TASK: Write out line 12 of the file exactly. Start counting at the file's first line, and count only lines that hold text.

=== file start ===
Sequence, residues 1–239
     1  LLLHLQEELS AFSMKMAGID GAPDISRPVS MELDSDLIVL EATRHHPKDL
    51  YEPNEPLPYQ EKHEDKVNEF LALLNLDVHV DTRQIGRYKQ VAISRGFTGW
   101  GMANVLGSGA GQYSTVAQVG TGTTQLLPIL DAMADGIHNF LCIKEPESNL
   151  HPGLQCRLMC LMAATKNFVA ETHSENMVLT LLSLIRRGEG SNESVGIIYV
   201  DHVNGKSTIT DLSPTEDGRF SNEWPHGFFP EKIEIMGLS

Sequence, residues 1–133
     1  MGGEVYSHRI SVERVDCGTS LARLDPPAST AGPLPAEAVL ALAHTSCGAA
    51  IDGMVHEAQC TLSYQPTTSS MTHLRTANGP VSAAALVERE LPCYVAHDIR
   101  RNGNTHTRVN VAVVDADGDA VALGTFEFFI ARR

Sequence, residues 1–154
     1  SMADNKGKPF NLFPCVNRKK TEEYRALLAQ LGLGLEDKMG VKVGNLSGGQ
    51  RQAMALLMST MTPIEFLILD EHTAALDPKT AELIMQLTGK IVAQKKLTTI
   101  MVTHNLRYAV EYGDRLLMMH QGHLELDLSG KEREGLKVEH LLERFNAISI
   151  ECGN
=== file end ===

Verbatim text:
     1  SMADNKGKPF NLFPCVNRKK TEEYRALLAQ LGLGLEDKMG VKVGNLSGGQ